Wooden shoes trails are fun! I like wooden shoes trails so much that I have already chosen another one. In this blog, just a short description of the trail (a trail shortener 😉), a few photos and a simple sketch to illustrate. Nothing more. No need for a hiking map, the info on the website is clear enough.

This time I chose the Jorden trail.

Sketch Poederoijensehoek Jorden trail
Sketch Poederoijensehoek Jorden trail

My experience

The Jorden trail is 16 km long, but you can shorten the trail to 13 km. The official starting point is at Battery Poederoijen. I started in Giessen, which is easier to reach by public transport. Still, I wonder if it wouldn’t be better to spend a bit longer on the bus, rather than taking such a approach trail every time. It makes the already quite long trail even longer.

So I walk from Giessen across the Afgedamde Maas to the Bommelerwaard region. Just after the Afgedamde Maas near the nature reserve and hamlet of Poederoijensehoek, the wooden shoe trail begins for me. Further on, there is an alternative trail because the dike is closed until fallen trees are cleared. Apparently that takes a very long time, as the path is closed until 2023.

At the end of the dike, Battery Brakel (a defence structure) is hidden somewhere. However, I do see the floodplains of Munnikenland with the river Waal behind them. The marking of the wooden shoes trail is hidden behind an overhanging bush, so I walk straight in the wrong direction. Fortunately, I soon realised, otherwise I would have ended up at Slot Loevestein.

Back I go along a winding dike where a sheep approaches me curiously. A little later, I go down the dike into the floodplains. I walk past beautiful Waal beaches and make a 360-degree video. A dog runs after a hare, luckily the hare outruns him.

(almost) 360 degree video of Waal beach at Munnikenland

360 degree video of Waal river at Jorden trail

Leaving the floodplains, I am in the town of Brakel. In the middle of the town, you can choose for the trail shortener. This trail is 3 km shorter and goes straight from Brakel towards Poederoijen along the Burgermeester Posweg. I take the long trail myself. Just past Brakel, near Zuilichem, you can also switch to another wooden shoes trail: the Nywele trail. A blog about this trail will follow soon. I stay on the Jorden trail and in the meantime walk towards Poederoijen.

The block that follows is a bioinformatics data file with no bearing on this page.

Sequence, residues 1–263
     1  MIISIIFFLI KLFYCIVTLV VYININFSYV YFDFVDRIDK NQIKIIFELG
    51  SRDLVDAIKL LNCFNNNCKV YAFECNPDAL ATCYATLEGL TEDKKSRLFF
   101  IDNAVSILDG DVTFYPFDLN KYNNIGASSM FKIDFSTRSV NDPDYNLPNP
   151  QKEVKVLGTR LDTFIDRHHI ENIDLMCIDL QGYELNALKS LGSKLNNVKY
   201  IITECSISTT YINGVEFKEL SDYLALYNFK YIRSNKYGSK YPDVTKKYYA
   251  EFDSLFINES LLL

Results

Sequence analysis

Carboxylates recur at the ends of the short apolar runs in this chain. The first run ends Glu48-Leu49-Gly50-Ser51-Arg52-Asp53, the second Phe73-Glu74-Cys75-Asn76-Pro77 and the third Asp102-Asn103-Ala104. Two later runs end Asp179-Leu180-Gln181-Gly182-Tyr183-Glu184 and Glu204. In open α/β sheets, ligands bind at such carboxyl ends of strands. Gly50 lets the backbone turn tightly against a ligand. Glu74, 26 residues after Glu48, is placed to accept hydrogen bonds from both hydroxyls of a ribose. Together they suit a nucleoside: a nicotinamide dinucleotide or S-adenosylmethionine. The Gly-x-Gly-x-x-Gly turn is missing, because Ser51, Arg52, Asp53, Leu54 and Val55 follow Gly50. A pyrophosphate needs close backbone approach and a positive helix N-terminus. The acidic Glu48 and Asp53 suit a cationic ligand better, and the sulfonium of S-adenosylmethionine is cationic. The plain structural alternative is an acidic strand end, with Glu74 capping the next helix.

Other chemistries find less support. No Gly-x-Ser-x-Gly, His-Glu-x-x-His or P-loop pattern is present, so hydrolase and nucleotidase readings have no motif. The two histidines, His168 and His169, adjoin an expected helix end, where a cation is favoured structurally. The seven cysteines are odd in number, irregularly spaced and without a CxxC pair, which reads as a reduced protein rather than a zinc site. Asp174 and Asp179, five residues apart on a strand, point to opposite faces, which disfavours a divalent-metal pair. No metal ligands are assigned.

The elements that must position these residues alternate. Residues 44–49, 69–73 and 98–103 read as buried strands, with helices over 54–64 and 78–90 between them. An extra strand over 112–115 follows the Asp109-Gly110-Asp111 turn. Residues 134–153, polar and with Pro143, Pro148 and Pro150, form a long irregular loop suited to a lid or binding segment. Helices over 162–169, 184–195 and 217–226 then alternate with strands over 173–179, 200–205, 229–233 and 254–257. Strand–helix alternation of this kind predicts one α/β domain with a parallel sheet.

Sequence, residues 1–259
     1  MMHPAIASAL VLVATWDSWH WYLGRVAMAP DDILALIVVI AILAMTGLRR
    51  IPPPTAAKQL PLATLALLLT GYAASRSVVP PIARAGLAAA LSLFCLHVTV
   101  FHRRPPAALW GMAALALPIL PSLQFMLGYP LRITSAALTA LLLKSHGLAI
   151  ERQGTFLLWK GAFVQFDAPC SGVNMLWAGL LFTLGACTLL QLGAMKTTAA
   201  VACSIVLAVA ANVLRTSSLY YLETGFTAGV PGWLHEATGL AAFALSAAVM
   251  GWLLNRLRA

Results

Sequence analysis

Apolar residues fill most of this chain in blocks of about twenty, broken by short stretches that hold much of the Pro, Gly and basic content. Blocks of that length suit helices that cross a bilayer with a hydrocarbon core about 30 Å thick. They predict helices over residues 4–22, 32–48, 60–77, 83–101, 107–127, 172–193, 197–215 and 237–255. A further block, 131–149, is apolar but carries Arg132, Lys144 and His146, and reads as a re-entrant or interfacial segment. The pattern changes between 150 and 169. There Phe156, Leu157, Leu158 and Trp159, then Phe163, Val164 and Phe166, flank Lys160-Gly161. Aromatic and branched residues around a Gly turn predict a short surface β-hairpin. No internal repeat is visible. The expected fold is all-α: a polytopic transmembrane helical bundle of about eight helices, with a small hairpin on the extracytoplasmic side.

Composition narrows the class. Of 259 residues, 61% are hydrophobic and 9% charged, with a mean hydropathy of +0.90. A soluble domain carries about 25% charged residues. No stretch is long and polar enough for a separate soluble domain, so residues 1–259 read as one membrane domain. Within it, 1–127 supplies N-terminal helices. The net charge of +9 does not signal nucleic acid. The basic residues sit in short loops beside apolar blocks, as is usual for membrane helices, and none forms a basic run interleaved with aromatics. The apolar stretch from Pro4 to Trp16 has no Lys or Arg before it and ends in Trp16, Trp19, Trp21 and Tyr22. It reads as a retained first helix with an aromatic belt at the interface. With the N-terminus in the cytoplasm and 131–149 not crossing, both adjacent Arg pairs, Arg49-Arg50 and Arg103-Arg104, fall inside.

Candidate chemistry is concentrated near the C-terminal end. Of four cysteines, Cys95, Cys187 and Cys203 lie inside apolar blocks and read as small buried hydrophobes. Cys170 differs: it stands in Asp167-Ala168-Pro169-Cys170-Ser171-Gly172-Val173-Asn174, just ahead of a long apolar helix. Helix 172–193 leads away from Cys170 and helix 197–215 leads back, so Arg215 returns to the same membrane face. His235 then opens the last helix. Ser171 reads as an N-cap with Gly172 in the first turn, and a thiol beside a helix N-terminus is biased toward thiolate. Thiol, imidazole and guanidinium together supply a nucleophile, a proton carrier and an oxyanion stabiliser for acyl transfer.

Trail guide about wooden shoes trails

I have to cross a dike full of nettles and thistles. Not a good idea, so I go for the road next to it. I walk along several nice unpaved paths called Poederoijensche Achterdijk and the Pronk path. If only I had taken the trail shortener, because unfortunately my mobile’s battery is running low (quite appropriate when hiking past Battery Brakel and Poederoijen 😂). I didn’t get to enjoy the nice paths as much due to my mobile running out of battery.

In Poederoijen, I catch the local bus that gives me a tourist trip through the Bommelerwaard region. I never saw battery Poederoijen because it was too far to go back to Giessen again, with or without a flat battery.

The photos

Final thoughts

A plus for the many unpaved paths and beautiful views over the Waal river and the floodplains of Munnikenland. I found it a long trail, though. Also, this trail is a bit more difficult to reach by public transport.

Tip: Long-distance trails Waterline trail (LAW17) and Pilgrim trail (LAW 7) go through the Bommelerwaard region. The Old Dutch Waterline trail starts at Slot Loevestein and also goes through the Munnikenland nature reserve.

More info:

Trail: Wooden shoes trail Jorden trail
Where: Poederoijen and Brakel, Gelderland, the Netherlands.
No. of km: 16 km
Hiking date: 20 June 2022
Materials used in illustration: little sketch with graphite pencil
Rating: ⭐⭐⭐⭐

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Super hike Wooden shoes trail: Jorden trail
Super hike Wooden shoes trail: Jorden trail

More hiking through floodplains

It is great fun and sometimes even challenging (think armpit-high grass) to walk through the floodplains right next to a river. In the blogs below, the trails go through the floodplains of the Lek and Waal rivers.

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